July 22, 2005

Kai-Fu Lee

According to Google PR

http://www.google.com/press/pressrel/rd_china.html

Company hires Dr. Kai-Fu Lee as Vice President, Engineering and President of Google China.

Now Microsoft sues Kai-Fu over over Google's hiring.

I worked with Kai-Fu at Microsft. I did not know him in personally, but I saw his work and met him in a couple of meetings. I am almost sure he will continue work on integration of speech recognition and search in Google products.

One interesting note "One Man's Role in the Great Search War" by James Altucher,
RealMoney.com Contributor, http://www.thestreet.com

"I'm writing this because Lee had a big effect on my trading and my career" wrote Mr. Altucher. - "In 1989, I was trying to decide what graduate school in computer science to attend. I flew to Pittsburgh to check out Carnegie Mellon, where Lee was a research associate and a newly minted Ph.D.

I wanted to meet him specifically because of a 1988 paper he wrote, "A Pattern Classification Approach to Evaluation Function Learning," which described his successful attempt at creating a world champion Othello program. His program defeated the reigning champion in 1988.

When I met him, he told me he had been getting blocked on his grad-school research in speech recognition, so he took a year off to write the Othello program. Then he considered doing a similar program for the game Go, thought it too difficult, and eventually finished his Ph.D. in speech recognition, fortunately for speech-recognition users everywhere.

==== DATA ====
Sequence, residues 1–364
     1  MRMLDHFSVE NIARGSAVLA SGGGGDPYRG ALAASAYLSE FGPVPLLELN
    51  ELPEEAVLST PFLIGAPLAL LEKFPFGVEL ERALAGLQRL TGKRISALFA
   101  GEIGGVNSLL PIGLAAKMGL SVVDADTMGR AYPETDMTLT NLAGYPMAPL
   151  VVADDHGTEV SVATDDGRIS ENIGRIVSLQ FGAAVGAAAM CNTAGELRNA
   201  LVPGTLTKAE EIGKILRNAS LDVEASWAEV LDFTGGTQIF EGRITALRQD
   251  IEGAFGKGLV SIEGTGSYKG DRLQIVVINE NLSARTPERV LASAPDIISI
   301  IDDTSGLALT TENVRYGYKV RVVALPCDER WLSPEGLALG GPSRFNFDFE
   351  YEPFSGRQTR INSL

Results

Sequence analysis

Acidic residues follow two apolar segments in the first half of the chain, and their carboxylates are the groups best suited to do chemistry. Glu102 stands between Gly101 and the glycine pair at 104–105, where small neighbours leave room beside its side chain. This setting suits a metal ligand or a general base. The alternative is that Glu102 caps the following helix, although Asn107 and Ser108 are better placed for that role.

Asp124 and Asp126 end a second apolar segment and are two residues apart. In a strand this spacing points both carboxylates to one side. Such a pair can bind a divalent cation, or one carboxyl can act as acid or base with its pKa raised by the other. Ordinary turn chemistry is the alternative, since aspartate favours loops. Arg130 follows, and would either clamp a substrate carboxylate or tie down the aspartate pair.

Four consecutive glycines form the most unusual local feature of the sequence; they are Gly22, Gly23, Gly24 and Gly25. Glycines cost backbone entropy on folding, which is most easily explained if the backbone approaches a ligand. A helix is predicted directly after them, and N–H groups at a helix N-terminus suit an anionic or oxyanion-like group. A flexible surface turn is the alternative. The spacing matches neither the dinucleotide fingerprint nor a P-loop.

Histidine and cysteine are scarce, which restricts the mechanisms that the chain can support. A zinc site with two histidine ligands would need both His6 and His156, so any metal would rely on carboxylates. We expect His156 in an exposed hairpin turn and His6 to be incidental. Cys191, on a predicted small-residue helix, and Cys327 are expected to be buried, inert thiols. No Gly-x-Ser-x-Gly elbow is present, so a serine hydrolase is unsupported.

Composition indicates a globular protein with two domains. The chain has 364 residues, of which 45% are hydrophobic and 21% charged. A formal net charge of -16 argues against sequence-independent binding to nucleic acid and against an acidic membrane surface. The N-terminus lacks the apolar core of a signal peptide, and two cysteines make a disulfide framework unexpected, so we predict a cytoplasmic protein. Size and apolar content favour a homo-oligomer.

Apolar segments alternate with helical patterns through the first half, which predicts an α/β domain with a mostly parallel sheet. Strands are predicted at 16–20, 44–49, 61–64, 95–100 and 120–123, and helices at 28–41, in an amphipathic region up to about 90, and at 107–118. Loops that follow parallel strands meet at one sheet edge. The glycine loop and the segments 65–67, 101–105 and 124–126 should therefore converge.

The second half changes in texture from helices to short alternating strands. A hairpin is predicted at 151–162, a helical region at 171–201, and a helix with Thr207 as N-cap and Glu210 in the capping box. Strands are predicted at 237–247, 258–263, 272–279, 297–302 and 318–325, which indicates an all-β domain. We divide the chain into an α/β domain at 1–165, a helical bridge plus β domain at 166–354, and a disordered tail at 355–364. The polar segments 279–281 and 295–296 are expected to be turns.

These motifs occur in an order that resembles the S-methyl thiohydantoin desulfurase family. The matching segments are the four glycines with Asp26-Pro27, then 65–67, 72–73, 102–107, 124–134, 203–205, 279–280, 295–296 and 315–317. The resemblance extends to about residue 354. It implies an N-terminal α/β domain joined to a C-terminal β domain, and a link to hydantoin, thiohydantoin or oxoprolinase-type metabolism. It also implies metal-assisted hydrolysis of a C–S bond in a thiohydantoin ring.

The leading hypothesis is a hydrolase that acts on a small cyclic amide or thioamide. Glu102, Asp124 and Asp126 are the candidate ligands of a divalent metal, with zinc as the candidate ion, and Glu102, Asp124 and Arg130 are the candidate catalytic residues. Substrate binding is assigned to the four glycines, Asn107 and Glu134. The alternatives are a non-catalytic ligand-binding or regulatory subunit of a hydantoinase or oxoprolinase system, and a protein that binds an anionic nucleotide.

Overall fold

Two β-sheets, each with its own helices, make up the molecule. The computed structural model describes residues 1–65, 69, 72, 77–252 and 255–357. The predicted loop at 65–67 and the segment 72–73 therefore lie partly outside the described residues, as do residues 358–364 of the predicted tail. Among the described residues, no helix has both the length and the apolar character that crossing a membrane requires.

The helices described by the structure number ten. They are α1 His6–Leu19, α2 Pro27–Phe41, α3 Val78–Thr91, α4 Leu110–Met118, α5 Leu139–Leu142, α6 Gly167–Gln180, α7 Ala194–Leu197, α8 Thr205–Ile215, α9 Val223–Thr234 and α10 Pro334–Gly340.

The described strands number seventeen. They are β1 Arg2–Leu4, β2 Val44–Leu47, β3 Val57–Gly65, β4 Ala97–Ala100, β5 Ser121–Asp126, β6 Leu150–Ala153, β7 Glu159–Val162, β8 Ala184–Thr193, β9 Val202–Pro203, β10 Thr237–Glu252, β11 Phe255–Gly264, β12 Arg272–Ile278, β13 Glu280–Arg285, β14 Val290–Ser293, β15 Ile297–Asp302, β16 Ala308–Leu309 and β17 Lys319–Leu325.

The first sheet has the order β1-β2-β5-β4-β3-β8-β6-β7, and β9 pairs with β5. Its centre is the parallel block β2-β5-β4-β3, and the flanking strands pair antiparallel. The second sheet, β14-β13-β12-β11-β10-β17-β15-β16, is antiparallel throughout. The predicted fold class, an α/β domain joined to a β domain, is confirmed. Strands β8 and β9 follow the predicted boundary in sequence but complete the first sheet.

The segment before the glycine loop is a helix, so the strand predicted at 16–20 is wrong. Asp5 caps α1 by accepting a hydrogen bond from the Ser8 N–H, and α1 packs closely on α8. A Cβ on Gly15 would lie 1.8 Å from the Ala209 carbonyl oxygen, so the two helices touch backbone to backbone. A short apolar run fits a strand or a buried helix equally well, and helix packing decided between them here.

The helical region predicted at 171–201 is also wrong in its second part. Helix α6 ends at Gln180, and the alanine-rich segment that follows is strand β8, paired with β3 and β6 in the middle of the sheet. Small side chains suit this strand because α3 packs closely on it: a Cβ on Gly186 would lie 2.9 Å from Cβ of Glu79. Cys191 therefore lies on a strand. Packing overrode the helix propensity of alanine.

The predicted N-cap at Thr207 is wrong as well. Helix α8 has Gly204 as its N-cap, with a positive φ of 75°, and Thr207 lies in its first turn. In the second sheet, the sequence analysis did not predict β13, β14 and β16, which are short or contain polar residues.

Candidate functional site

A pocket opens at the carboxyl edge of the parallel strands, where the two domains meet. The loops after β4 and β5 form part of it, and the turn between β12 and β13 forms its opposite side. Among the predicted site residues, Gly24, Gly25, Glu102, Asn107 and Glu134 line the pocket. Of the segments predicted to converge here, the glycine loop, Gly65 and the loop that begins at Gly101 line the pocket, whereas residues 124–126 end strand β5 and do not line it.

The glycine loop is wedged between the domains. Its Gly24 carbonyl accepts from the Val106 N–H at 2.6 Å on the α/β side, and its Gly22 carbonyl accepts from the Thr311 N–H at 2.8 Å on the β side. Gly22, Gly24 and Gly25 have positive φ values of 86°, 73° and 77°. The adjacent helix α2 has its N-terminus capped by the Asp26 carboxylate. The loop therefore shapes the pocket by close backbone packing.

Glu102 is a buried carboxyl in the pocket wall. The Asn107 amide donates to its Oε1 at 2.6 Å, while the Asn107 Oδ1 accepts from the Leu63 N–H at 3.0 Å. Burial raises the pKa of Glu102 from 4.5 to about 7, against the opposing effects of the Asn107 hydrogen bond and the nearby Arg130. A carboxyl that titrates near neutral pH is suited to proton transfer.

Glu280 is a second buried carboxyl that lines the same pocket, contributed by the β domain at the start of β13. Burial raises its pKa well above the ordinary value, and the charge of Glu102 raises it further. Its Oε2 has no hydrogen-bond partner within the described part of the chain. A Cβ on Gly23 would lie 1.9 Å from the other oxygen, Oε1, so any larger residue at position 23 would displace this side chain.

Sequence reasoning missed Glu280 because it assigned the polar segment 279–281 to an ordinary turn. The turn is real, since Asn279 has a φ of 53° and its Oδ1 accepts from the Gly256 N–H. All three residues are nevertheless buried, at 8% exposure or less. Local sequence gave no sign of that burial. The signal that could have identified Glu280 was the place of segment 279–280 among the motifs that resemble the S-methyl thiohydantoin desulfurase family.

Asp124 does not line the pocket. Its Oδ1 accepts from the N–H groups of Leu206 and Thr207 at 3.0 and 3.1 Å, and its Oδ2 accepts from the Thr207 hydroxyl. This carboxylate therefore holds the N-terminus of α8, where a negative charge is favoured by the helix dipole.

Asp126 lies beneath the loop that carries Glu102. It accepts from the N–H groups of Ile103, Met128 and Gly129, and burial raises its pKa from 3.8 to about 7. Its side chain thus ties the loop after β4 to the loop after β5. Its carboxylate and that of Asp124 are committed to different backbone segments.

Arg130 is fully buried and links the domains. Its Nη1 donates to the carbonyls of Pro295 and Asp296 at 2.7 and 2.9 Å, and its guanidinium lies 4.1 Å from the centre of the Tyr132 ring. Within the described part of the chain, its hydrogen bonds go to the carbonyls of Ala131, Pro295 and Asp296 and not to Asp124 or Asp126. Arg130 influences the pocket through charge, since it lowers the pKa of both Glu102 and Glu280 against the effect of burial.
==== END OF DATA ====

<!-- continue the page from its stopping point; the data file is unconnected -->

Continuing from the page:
What does this have to do with trading? Here's how his Othello program worked. He compiled a database of thousands of winning positions. For each winning position, he would label it with a vector of variables. Among the variables were how many corners you controlled, how many squares in the center, etc.

Then, given a new random position, he used software (similar to his later speech-recognition software) to determine how close the random position (as identified by its vector of position variables) was to a winning vector. At every level, the software would chose the move that would bring it to a position that was most closely matched (statistically) with a vector from a winning position."

I recommend to read this article entirely to understand how innovation works in 21th centuary (the best way to find this article, use query "Kai-Fu Lee" with http://news.google.com).
Posted 20 years, 2 months ago on July 22, 2005
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